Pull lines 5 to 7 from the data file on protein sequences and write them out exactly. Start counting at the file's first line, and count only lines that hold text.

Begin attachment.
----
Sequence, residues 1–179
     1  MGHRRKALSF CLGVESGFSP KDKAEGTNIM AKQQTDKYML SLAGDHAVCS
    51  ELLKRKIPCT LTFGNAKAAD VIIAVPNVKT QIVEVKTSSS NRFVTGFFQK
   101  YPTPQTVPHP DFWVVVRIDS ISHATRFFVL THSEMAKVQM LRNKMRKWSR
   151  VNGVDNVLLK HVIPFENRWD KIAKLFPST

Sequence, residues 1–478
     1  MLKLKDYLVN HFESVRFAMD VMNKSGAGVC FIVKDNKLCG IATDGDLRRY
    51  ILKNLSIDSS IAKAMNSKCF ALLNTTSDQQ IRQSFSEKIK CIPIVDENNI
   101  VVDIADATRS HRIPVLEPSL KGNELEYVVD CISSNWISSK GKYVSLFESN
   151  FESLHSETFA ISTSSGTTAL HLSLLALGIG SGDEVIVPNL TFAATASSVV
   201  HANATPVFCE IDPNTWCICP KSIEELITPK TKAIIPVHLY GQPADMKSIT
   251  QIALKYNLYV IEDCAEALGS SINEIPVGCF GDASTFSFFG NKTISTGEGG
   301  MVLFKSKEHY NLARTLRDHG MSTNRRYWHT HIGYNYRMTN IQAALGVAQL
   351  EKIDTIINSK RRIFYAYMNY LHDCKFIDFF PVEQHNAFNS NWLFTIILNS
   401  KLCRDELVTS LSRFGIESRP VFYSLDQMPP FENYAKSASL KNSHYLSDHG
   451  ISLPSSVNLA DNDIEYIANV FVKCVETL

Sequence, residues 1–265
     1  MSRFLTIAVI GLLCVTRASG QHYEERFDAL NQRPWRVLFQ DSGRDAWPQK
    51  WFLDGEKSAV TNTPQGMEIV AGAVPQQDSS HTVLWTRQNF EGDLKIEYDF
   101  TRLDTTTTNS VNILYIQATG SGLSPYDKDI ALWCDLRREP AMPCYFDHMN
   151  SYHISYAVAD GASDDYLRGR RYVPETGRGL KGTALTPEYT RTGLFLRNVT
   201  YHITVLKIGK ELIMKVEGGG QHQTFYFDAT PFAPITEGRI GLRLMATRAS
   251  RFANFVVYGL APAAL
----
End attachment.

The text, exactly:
   151  VNGVDNVLLK HVIPFENRWD KIAKLFPST

Sequence, residues 1–478
     1  MLKLKDYLVN HFESVRFAMD VMNKSGAGVC FIVKDNKLCG IATDGDLRRY